Rather than focus on the actual warfare, He directs his camera at a village full of left-behind women. Year after year they have to survive on their own while the man are waging war in nearby cities and villages. Uncertain of their men's fate, the women go about their everyday lives, relying on their shaman for information from the outside world. The setup of Wheat reminded me a little of Hu Guan's Cow (also a 2009 film), which offers a similar secluded view of warfare, focusing on a small village tucked away amidst the mountains.
Out little village is greatly disturbed when two men are found in a nearby riverbed. Identified as their own soldiers through wounds inflicted by the adversary's weapons, these two men turn about to be deserters of the adversary's army, left for deadafter they jumped into the river. Looking at the somewhat troublesome start of the film, it's a shame He gives away this piece of information early on as it could and would've spiced things up a bit during the first half of the film.
But He doesn't keep his audience in the dark and focuses on how these two men integrate with the rest of the villagers. With one of the two men acting as a complete idiot though, I don't feel He made the right decision there. The first half is centered around many dialogs and features little to no action sequences, which makes the constant over-acting of the dimwitted fellow a little hard to bear, especially as he is quite prominently featured.
Visually He has everything under control. Standards are pretty high for Chinese war epics, but He lives up to them pretty well. He does differentiate himself with a handful of shots from directly above which do make for some very nice views of the corn fields. The lighting is particularly strong and the interior settings are lush and impressive. If you're a fan of the wealthy and traditional Chinese styling, you're gonna feel right at home.
The music is equally traditional, a combination of beautiful strings and typical Chinese instruments. I've come to expect little more from a film like this and I do like the music itself quite a bit, but I wouldn't mind seeing a bit more variation in the scores used for films like these, as they become a bit interchangeable after a while. It can be a little dire if you can dream a soundtrack before even seeing a trailer of a certain film.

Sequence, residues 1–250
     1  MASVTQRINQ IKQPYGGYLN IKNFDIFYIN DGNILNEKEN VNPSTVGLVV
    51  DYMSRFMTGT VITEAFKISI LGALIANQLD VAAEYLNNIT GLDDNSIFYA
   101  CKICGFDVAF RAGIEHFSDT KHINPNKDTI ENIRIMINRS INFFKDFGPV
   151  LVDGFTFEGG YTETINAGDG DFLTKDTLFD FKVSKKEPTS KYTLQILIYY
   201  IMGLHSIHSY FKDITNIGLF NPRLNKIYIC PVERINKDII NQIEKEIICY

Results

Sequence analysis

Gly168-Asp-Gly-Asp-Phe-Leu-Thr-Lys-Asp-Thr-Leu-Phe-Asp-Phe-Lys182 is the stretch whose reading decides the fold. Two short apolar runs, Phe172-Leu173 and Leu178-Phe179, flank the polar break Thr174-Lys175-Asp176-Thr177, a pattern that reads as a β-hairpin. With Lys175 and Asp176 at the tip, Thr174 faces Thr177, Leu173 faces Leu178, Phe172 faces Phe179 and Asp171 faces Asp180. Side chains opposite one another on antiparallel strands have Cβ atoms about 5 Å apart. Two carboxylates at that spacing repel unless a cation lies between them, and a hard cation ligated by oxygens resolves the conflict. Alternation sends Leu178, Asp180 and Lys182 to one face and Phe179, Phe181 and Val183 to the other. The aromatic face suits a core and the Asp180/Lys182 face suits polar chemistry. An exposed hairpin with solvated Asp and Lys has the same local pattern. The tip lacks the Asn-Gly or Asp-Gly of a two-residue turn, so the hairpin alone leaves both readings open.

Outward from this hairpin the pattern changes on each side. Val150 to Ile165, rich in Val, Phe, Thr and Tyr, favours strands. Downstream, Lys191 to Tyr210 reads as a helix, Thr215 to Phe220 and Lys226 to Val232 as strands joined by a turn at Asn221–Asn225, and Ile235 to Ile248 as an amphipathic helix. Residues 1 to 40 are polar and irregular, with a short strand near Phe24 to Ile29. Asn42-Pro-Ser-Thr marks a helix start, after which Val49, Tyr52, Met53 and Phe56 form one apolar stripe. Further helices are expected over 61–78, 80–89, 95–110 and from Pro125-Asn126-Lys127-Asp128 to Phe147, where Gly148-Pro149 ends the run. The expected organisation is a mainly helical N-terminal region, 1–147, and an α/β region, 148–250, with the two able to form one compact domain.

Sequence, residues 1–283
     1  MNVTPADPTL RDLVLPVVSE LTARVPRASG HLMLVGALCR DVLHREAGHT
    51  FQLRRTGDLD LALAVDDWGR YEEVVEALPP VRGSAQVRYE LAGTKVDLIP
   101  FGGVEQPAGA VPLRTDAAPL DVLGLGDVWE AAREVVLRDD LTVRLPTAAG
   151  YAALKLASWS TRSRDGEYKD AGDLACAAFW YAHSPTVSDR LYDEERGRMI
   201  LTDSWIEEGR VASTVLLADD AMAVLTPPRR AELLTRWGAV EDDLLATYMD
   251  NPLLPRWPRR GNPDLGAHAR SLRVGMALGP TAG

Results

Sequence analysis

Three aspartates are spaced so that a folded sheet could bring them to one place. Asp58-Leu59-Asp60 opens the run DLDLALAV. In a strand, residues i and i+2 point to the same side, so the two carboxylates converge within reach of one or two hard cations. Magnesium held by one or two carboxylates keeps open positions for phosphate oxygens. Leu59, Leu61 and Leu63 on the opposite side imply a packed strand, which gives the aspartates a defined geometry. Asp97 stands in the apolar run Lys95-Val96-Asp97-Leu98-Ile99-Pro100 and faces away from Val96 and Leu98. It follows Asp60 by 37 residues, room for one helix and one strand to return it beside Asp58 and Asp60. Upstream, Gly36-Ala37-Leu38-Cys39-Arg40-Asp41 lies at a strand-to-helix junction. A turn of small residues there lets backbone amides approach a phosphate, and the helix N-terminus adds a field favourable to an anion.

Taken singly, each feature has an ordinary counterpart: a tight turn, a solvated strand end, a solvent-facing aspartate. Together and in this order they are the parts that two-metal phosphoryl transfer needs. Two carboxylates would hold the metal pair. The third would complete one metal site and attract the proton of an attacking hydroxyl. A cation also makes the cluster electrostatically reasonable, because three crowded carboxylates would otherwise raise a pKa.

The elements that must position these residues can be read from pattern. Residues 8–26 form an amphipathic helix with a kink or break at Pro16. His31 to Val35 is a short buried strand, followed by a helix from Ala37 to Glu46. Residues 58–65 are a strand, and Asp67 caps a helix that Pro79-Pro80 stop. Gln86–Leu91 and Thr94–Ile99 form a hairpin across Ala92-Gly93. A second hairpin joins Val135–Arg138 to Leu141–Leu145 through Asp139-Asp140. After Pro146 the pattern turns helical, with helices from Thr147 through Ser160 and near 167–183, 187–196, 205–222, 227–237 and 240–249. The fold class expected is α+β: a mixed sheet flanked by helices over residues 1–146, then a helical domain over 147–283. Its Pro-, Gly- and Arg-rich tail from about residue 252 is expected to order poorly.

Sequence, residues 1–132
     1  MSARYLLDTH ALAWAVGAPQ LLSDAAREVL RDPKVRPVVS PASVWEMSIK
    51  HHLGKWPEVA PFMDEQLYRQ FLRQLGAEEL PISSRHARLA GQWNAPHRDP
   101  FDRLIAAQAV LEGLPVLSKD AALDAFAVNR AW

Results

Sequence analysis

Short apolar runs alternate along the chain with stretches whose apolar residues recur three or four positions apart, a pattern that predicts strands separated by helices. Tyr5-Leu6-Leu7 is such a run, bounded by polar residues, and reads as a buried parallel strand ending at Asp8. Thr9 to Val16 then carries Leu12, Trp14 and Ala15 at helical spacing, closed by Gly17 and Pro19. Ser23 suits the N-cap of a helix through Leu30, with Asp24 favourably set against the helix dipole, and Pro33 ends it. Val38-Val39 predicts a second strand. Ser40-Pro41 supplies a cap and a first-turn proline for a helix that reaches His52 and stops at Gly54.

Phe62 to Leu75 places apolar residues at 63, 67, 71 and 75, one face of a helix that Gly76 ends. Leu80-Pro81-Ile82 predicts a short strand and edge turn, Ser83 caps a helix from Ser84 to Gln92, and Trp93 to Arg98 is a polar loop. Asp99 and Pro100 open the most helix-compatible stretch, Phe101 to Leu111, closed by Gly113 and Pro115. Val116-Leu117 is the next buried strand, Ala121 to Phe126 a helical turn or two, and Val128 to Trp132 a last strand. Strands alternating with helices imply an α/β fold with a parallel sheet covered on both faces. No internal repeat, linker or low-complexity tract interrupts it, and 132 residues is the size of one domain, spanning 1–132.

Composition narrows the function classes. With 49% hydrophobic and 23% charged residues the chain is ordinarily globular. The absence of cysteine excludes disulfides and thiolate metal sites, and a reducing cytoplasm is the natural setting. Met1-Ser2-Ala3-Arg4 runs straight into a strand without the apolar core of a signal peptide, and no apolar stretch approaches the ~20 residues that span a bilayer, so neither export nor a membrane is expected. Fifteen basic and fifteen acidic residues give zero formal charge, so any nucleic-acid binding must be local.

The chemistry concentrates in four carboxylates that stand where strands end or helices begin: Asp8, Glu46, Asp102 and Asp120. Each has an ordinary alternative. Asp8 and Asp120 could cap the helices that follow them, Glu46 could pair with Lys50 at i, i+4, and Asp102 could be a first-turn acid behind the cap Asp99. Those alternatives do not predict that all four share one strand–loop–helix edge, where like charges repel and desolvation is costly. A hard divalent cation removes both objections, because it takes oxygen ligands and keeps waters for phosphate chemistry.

As for the acting, Jue Huang does a good job as fierceless warrior. It's Fan Bing Bing who's allowed to shine the most though, as the strong, fearless mistress of the village who takes her job and responsibility very seriously. The supporting cast is equally solid, the only bad apple is Jiayi Du who takes his role a bit too far and becomes annoying rather quickly, playing the village idiot. Part of the annoyance comes from the character itself, but He should've downplayed him a little to make his presence less visible.
Wheat knows a rather rough start. He gives away a bit too much at the start of the film and the role of the village idiot gets too much attention. Gradually things get better though and when halfway through the film the village is attacked by bandits, raising some serious suspicion around the story of our two men, Wheat turns into a very amusing and remarkable little film, even gaining enough momentum to warrant the beautiful yet somewhat sentimental ending.
Wheat is different from other Chinese war epics in the sense that it keeps itself away from the actual battlefield and warfare, focusing more on the people left behind. There are some mild yet impressive action sequences in the second half, but they are definitely not the main selling point here. If you're a fan of Cow then Wheat this is a sure sell, but everyone looking for a more toned-down, stylish yet amusing war film should have a go at it. Remember that the first half our is a bit rough around the edges, things will get only better after that.
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